Comparing reinforcement learning in humans and artificial intelligence through Tetris

Logan GittelsonRensselaer Polytechnic Institute, Troy, New York, USA
John LindstedtRensselaer Polytechnic Institute
Catherine SibertRensselear Polytechnic Institute, Troy, New York, United States
Wayne GrayRensselaer Polytechnic Institute

Abstract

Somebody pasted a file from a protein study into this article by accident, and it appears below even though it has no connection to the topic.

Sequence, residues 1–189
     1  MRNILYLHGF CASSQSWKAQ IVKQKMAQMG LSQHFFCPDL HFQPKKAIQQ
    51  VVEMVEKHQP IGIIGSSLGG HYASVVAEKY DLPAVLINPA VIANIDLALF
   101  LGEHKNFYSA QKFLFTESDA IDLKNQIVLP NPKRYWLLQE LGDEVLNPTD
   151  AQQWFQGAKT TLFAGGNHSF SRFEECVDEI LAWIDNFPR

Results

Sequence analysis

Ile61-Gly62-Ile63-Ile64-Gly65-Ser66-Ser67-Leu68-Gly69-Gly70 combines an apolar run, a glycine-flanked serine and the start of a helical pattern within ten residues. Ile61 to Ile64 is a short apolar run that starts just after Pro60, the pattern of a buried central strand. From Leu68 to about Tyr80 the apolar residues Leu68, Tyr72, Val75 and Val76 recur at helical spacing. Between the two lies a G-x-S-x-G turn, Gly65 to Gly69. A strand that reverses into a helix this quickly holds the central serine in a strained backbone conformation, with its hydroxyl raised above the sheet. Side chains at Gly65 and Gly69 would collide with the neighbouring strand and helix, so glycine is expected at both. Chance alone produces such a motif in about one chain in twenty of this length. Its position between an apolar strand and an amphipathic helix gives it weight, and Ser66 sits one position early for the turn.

Tetris has a long history in Artificial Intelligence (Fahey, 2014) and Cognitive Science (Mayer, in press). We combine both traditions to ask, "what can Tetris and these two approaches to Tetris, tell us about human expertise?" In our research, we use Cross-Entropy Reinforcement Learning (Szita and Larincz, 2006) to produce two very different types of models; an unsupervised version trained directly on the game and a reversed-engineered version fed the sequence of choices made by human players and asked to determine the best fitting weights for that series of human choices. For a given set of features, we can explore differences in weights that provide the highest score for the machines versus the set that provides the best fit to human data. By varying the set of features we can determine if different features provide better fits to human data while producing poorer performance in machines. NOTE: This work is related to submission 641, if possible could these posters be next to each other during the same session.

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